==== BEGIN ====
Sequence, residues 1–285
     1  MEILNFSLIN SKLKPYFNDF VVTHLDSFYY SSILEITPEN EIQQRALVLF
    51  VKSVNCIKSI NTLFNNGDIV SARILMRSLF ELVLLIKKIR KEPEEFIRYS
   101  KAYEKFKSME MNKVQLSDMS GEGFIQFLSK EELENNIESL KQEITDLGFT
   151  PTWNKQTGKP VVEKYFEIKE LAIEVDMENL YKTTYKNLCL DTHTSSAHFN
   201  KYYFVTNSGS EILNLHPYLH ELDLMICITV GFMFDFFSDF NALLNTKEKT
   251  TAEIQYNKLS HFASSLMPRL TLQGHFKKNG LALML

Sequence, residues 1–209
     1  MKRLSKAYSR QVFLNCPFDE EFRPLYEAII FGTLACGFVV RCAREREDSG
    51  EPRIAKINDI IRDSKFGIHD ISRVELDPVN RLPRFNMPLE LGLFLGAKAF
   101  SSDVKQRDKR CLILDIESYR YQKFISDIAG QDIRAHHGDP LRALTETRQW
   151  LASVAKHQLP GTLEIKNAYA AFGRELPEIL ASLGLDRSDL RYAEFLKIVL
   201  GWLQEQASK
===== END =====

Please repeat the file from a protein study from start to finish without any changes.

Sequence, residues 1–285
     1  MEILNFSLIN SKLKPYFNDF VVTHLDSFYY SSILEITPEN EIQQRALVLF
    51  VKSVNCIKSI NTLFNNGDIV SARILMRSLF ELVLLIKKIR KEPEEFIRYS
   101  KAYEKFKSME MNKVQLSDMS GEGFIQFLSK EELENNIESL KQEITDLGFT
   151  PTWNKQTGKP VVEKYFEIKE LAIEVDMENL YKTTYKNLCL DTHTSSAHFN
   201  KYYFVTNSGS EILNLHPYLH ELDLMICITV GFMFDFFSDF NALLNTKEKT
   251  TAEIQYNKLS HFASSLMPRL TLQGHFKKNG LALML

Sequence, residues 1–209
     1  MKRLSKAYSR QVFLNCPFDE EFRPLYEAII FGTLACGFVV RCAREREDSG
    51  EPRIAKINDI IRDSKFGIHD ISRVELDPVN RLPRFNMPLE LGLFLGAKAF
   101  SSDVKQRDKR CLILDIESYR YQKFISDIAG QDIRAHHGDP LRALTETRQW
   151  LASVAKHQLP GTLEIKNAYA AFGRELPEIL ASLGLDRSDL RYAEFLKIVL
   201  GWLQEQASK